Don Luskin: Look, there were a couple of high inflation years, like 1949 and 1950, but 1950 has the distinction of being the height of post-war inflation at 9%, but it's also the single biggest real GDP year in American history at 13%. You can have a single explanation and say everything in the world depends on inflation, but no, it also has to do with the post-war boom, where in 1950, we had 13% GDP growth after you adjust for inflation. That really happened. You can't leave that out.

Luke Gromen: Importantly, why did we have that growth? I just said why we had that growth. Because Japan's industrial base was destroyed and we were building it. Because we were in a new Cold War with the Soviets. We were rebuilding it. We were running the Berlin Airlift, and we were rebuilding Germany. It was American property.

Don Luskin: How much did the Berlin Airlift contribute to GDP in 1950? You have no idea. The Berlin Airlift wasn't even in 1950.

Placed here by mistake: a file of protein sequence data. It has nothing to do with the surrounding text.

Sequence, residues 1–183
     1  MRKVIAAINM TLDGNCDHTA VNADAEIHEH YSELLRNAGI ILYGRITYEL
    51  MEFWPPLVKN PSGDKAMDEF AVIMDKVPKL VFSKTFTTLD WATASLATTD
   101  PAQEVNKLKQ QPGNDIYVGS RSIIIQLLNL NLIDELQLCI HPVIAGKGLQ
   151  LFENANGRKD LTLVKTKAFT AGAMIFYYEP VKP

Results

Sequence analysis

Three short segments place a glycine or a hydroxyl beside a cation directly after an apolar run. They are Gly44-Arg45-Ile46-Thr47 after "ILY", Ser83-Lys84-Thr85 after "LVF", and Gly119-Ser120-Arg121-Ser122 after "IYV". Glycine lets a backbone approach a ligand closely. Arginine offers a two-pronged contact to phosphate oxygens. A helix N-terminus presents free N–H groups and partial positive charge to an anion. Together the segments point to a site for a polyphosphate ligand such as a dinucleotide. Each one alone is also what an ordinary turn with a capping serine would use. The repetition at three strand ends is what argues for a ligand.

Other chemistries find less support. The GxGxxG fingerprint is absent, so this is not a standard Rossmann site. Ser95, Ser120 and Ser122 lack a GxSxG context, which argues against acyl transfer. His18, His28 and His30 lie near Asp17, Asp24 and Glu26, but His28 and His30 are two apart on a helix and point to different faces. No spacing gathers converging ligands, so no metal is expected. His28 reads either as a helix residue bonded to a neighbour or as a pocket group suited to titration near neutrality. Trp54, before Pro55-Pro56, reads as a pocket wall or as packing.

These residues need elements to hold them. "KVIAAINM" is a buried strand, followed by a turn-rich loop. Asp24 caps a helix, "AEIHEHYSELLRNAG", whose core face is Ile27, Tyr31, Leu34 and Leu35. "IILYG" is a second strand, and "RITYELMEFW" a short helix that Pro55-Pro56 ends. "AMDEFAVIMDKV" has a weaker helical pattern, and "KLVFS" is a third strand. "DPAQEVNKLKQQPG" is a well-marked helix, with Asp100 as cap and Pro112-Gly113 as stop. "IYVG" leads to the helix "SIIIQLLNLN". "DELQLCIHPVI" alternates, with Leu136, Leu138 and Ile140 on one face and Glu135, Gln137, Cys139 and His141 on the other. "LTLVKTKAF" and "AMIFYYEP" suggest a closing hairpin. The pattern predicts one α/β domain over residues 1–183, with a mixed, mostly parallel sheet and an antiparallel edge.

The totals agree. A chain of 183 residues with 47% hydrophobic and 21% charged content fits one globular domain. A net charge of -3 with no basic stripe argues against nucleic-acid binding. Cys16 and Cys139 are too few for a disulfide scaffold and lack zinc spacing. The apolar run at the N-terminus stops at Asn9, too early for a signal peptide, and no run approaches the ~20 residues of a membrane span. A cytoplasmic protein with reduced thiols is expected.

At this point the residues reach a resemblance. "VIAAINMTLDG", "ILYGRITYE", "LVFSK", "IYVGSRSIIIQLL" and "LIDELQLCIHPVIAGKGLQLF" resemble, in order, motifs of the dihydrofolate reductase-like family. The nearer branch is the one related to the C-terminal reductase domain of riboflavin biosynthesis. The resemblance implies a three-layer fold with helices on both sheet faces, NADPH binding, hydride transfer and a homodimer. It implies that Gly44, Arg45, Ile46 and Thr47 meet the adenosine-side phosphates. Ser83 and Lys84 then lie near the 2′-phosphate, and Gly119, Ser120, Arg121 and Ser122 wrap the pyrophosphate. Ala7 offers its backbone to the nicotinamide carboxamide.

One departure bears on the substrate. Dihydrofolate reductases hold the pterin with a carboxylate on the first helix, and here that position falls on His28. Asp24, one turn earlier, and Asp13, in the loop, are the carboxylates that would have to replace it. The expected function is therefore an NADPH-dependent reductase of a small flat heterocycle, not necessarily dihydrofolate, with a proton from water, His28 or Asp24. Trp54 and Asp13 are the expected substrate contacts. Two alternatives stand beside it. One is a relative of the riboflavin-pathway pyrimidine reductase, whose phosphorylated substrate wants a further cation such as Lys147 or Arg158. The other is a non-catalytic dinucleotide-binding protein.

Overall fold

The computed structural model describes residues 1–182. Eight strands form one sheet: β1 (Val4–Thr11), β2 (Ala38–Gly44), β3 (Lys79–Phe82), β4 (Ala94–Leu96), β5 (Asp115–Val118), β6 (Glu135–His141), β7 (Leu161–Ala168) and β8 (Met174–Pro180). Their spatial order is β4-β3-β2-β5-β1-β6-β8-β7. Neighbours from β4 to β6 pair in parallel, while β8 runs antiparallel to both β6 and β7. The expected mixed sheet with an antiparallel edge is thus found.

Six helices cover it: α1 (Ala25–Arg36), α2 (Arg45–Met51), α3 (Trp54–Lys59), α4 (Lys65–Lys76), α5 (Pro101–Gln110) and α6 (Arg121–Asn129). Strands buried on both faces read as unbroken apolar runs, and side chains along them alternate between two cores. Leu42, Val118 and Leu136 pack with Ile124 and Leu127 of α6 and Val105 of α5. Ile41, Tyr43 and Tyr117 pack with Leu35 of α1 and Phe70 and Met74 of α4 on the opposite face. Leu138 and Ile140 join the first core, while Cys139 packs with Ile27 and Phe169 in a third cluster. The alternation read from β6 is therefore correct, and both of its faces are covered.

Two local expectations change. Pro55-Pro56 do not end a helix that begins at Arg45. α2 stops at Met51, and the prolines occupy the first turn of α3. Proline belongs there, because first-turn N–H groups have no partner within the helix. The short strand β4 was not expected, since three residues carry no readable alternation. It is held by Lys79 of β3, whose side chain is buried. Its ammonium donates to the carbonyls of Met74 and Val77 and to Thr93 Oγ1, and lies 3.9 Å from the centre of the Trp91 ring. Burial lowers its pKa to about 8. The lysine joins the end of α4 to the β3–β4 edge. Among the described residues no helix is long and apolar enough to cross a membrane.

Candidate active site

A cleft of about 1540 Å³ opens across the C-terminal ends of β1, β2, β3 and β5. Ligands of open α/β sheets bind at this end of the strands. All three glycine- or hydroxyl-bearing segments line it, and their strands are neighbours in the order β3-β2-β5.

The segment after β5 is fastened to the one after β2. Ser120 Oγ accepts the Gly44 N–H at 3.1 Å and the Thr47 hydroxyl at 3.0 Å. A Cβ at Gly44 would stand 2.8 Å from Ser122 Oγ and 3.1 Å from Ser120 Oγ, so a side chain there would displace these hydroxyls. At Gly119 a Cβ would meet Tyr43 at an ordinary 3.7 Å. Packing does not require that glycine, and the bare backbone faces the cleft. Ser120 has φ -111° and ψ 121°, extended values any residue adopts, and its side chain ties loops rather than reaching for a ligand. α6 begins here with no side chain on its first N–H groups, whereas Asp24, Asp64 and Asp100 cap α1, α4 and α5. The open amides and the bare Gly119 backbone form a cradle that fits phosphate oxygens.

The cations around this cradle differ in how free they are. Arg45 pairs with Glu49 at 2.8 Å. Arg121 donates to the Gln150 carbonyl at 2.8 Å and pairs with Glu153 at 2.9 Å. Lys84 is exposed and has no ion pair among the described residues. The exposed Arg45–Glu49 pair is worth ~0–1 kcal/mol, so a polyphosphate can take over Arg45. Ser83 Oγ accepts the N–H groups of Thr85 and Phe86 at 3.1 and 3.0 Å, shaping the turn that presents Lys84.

Luke Gromen: No. It was in 1948.

John Hathaway: Let me ask both of you because we're talking about history here. What do both of you expect future deficits to look like looking at this year and maybe over the next five years? Will they be resolved by economic growth, which I think would be Don's point of view, or may continue to be on the order of trillions, which they are now, because of increased public spending and as much as productivity might help at this point, maybe not enough to keep those deficits at very high levels, and therefore, a need for yield curve control?